With scant information for the first time offender facing prison, fear, anxiety and confusion can be overwhelming for both them and their families. Experienced volunteers help prepare for the unknown by providing answers to questions, counsel and mentoring, as well as encouragement through support groups. We assist those that are out on bond or H.I.P. awaiting trial. We mentor men and women along the way, preparing them spiritually for what lies ahead. We conduct home visitations, counseling and studies in the client's home and require full accountability from our clients. We also assist families as they move toward trial and/or incarceration date.
During incarceration, the The Prisoners Hope ministry mentors through jail visits where available, email correspondence, Bible studies and the inmate-led D.A.N.I.E.L. Project while helping family members deal and cope productively with their loved ones in prison. Support groups for the family meet weekly. Through mentoring we assist the incarcerated in getting their lives on point, directing towards spiritual excellence, pointing to Christ, whom alone can transform the heart and course in life. We require all mentees to acquire or complete a GED, MRT (Machination Recognition Therapy) and Life Skills classes and at least one (2yr) vocational certification. We require ongoing Bible studies, accountability, weekly Chapel attendance and at least bi-monthly correspondence. We endeavor to navigate each mentee to a place of spiritual and academic success prior to making their exodus from prison.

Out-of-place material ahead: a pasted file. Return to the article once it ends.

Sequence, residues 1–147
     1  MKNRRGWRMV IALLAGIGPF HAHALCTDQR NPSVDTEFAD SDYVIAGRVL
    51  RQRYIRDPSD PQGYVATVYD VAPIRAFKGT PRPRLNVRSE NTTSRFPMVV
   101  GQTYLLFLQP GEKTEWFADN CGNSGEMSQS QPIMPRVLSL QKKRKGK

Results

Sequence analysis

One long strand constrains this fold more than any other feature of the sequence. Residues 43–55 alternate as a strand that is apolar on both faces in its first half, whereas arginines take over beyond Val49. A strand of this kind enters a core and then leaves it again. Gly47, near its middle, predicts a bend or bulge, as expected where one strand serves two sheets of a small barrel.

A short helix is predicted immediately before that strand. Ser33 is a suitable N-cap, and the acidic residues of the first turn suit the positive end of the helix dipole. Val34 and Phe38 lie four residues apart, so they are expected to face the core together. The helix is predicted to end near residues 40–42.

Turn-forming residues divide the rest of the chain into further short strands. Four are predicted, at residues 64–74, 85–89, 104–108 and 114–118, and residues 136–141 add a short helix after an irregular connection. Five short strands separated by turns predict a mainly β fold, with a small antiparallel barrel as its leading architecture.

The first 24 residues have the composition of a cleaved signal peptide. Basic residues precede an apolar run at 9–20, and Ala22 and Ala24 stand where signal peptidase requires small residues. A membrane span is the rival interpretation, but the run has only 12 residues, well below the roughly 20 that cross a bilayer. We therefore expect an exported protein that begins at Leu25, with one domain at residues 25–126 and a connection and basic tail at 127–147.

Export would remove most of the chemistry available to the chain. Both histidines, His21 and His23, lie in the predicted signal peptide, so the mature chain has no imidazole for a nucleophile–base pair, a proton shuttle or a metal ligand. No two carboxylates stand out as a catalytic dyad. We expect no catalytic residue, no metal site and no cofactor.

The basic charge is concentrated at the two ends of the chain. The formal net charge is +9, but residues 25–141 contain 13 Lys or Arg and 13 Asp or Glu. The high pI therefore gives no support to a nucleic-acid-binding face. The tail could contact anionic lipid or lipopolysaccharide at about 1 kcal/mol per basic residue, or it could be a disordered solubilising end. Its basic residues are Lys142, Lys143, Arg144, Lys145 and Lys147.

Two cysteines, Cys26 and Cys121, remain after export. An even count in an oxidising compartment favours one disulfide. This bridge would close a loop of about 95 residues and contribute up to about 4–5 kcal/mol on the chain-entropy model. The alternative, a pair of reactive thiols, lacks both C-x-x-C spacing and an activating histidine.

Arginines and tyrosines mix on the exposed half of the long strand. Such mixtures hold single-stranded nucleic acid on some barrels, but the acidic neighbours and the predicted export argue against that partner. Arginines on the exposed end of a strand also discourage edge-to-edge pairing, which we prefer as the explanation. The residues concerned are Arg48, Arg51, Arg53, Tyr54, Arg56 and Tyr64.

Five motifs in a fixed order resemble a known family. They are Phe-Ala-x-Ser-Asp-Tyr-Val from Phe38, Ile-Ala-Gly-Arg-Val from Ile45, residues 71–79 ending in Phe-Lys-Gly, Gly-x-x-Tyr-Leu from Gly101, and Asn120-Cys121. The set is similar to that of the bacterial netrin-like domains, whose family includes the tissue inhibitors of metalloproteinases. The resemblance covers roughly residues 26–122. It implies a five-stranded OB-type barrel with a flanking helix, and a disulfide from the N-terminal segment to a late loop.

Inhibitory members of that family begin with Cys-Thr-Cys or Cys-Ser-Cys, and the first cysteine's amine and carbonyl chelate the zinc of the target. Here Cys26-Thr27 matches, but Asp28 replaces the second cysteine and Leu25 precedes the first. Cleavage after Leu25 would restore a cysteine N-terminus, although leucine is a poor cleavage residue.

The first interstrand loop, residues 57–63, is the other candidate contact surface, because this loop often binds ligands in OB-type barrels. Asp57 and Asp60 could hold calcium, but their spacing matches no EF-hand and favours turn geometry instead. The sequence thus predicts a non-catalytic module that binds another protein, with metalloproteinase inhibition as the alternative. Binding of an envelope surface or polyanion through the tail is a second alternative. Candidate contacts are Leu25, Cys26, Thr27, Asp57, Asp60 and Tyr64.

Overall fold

A critical function of TPHMin is walking beside the offender who has served their sentence and is released back into mainstream society to make a smooth transition. We assist with the basic provisions of food, shelter, clothing, cell phones for potential employer call-backs, transportation and assistance with job placement. Along with mentoring through accountability partners, support groups and providing worship opportunities for spiritual stability, we also assist with counseling and programs for continued education. We are here to reduce the odds of prison recidivism and help restore families.
Children and Families
Incarceration takes a heavy toll on the family, especially the children. They are indeed the ‘orphans of justice’. Children most affected by parental incarceration are typically primary school aged and most are required to move from their family home when their primary caregiver is incarcerated. Kentucky has the second highest percentage of children with a parent who is or has been incarcerated. We work with and support the families of the incarcerated providing for both emotional, practical and spiritual needs.
Each Thursday night in the Fireside Room at Southeast Christian Church (Blankenbaker Campus) in Louisville, KY we hold a support group for hurting families, mentees and the post-incarcerated providing a platform for confidentiality, shared strengths and a non-judgmental atmosphere. It is a safe place where questions are answered, counsel offered and encouragement found through sharing victories and struggles as we travel on common ground.